VILLE PLATTE -- With the release of former Governor Edwin Edwards this week, Gervis LaFleur reflected on how instrumental the former governor was in Ville Platte’s history.
LaFleur last spoke with Edwards two years ago in March, and he described him as high-spirited.
He said Edwards never complained. “He never defended the charges alleged by the feds as far as his conduct was concerned. And, he said he still expressed his love for Louisiana and its people. He showed no ill feeling against anyone.”
LaFleur is hoping he will see Edwards soon. “We were very close. He helped so many people throughout the State of Louisiana collectively and individually. And in spite of mistakes, if he made any, I still regard him as a God-fearing man.”
He said he and Edwards were very close friends. As governor, he said, Edwards assisted Community Action Agency (CAA), which LaFleur presently serves as state president.
Edwards, according to LaFleur, gave each CAA $20,000 annually to use at their discretion. He said they received federal funds and every dollar was in place so the extra funds assisted the leaders in each CAA and allowed them to hire people to help district food commodities, Food for Families and other programs CAA administers. “He supported CAA statewide wholeheartedly.”
LaFleur remembers Edwards speaking for the association’s banquet several years. He even allowed the association to use the governor’s mansion to host the “poor man supper.
"He said this event was for the general public and each person was charged $10. The money was raised for the association." He also recalls Walter Lee, current Evangeline clerk of court, and his band provided music at no cost.
He said Edwards always supported CAA, because he believed CAA had a lot in common with himself. He also liked the services rendered to the general public, according to LaFleur.
Once, Edwards sponsored a trip to Paris in the late 1980s for $10,000 per person. LaFleur said he traveled to Paris with the governor. There were 600 people on two planes. They left from New Orleans and spent seven days touring the area. He said it was a good will trip.
Edwards also was invited by LaFleur to attend the dedication of Ninth Baptist Church, which was torn down and rebuilt to service the growing congregation.
He said it was prior to Edwards’ inauguration and Edwards came. “He was the first governor to visit an all-black church in Ville Platte and Evangeline Parish. At the time the church was under the leadership of Rev. M.L. Thomas."
The Eastern Seventh District Baptist Association Ministers’ group invited the governor to dinner to thank him for all the help he had done as governor for the poor people in the State of Louisiana.
Edwards also assisted the area in securing a vocational school in the parish and LSU in Eunice.
LaFleur recalls he was part of a group of Ville Platte businessmen who approached Edwards to run for the Seventh Congressional District after T.A. Thompson was killed in an auto accident on his way home from Washington to Ville Platte.
The group first approached Thompson’s brother, Dr. Robert Thompson, but he declined to run for the seat. Edwards won that election.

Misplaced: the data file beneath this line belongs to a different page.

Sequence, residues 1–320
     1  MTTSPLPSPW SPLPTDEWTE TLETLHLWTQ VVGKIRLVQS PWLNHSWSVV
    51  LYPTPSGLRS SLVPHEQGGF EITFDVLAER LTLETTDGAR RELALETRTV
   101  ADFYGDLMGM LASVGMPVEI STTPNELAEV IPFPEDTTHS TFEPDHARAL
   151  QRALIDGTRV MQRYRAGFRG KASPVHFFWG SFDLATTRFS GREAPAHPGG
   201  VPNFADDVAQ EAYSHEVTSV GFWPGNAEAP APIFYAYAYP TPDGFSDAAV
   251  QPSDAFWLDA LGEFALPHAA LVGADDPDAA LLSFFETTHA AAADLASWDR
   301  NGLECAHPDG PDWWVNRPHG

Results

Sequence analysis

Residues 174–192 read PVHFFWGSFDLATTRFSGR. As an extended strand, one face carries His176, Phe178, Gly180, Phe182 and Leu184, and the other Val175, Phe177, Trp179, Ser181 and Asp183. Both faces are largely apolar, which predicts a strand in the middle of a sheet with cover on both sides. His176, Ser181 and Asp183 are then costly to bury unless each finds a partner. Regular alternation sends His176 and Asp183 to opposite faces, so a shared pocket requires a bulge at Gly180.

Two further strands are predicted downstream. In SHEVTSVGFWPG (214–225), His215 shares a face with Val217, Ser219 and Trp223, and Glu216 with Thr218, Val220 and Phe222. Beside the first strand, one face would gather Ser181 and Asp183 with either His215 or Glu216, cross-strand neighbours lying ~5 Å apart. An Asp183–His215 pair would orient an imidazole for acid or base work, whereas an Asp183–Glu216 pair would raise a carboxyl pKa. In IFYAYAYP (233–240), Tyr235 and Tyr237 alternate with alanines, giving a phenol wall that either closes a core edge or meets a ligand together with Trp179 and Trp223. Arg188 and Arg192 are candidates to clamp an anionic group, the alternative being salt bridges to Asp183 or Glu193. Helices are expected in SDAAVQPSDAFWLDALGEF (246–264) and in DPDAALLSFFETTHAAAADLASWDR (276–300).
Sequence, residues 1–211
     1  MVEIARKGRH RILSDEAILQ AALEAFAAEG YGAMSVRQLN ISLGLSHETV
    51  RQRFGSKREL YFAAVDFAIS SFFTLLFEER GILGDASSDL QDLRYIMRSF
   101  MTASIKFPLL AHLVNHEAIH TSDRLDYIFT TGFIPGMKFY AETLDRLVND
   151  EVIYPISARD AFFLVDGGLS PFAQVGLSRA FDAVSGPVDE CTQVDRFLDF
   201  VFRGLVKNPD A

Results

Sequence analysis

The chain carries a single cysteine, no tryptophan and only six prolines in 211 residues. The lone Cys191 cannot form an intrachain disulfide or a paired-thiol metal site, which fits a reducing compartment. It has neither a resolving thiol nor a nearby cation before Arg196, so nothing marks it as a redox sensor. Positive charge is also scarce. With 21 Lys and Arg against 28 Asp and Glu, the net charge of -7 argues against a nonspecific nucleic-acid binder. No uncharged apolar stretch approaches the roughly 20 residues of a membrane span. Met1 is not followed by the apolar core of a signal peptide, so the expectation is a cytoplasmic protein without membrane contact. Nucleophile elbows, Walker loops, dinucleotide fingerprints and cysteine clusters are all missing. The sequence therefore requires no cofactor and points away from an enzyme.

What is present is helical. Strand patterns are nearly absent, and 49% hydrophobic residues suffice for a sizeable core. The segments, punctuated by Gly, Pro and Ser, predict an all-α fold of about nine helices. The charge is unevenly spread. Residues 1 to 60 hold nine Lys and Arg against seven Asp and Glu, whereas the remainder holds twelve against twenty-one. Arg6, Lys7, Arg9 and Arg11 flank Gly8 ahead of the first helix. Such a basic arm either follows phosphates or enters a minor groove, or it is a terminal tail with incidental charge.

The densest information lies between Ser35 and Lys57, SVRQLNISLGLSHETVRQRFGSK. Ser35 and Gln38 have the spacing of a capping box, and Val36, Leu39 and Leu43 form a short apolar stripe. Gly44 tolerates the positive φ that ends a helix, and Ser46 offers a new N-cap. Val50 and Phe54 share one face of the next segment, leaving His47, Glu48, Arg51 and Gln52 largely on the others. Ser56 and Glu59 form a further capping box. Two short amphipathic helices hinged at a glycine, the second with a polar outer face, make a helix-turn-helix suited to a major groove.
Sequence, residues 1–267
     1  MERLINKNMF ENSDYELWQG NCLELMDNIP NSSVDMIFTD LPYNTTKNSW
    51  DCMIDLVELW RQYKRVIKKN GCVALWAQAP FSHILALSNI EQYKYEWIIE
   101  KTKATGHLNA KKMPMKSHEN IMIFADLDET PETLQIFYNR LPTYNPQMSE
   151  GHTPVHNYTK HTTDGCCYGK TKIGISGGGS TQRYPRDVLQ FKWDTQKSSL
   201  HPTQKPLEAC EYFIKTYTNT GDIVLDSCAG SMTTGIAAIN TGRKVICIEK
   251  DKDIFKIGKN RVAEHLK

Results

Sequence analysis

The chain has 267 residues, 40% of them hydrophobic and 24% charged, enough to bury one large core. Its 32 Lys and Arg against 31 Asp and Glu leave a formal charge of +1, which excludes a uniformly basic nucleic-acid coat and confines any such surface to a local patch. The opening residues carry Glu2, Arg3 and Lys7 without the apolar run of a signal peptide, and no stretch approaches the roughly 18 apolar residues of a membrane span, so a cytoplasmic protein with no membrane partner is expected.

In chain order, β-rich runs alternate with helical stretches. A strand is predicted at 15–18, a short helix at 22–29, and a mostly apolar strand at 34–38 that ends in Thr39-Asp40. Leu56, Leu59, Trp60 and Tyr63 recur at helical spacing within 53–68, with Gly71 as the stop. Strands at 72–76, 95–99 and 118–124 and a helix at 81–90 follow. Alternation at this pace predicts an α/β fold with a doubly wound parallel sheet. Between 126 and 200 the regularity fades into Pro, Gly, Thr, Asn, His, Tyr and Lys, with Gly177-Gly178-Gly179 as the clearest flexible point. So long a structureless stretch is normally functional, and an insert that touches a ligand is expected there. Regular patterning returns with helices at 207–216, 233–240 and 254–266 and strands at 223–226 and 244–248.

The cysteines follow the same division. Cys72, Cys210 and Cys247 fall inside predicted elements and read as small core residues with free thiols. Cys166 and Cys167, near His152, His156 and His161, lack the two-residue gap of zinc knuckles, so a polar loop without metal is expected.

He said that group included L.O. Fuselier, Jack Fruge, Gaynor Soileau, John Saunders, Rep. Emile Coreil, Chief Audley Vidrine, Billy Pucheu, the former district attorney; Percy Fontenot, Dr. Robert Thompson and the Eastern Seventh District Baptist Association led by Rev. Thomas.
LaFleur said Edwards visited Evangeline Parish frequently. He said Edwards had a lot of friends here. He also recalled Edwards visited the rededication of St. James Baptist Church in Chicot, which was under the direction of Rev. Eradley Ben.
When Edwards decided to run for governor, LaFleur said he contacted his friends here. “We were able to help him statewide. We contacted leaders in different parishes.”
Lafleur said they told others what type of congressman Edwards had been for the Seventh District and what he had done for Evangeline Parish.
When asked how he would describe Edwards, LaFleur said he was very flamboyant. He was a man of good character, a man of integrity and one who respected people, regardless of race, creed or color, he said. “He was one who had love and compassion for the State of Louisiana and its people.”
LaFleur said, “if there was anything he could help you with, he was always willing to do so.” As president of CAA, LaFleur travels the state. Today, he said people still express the fact if Edwards ran for office, they’d vote for him. He said both black and whites have stated their support of Edwards. “If he’d run again, he’d win again.”
(Editor’s Note: Edwin Edwards was released from the federal prison in Oakdale Thursday, January 13. He was moved to a halfway house after serving eight years for a corruption conviction. Then, he was moved to his daughter’s home in Denham Springs where he will remain under house arrest for six months. Edwards was governor of Louisiana for four terms (1972–1980, 1984–1988 and 1992–1996. Unless given a presidential pardon, he would not be eligible to run for office in Louisiana until 15 years after his federal probation ends in 2014.)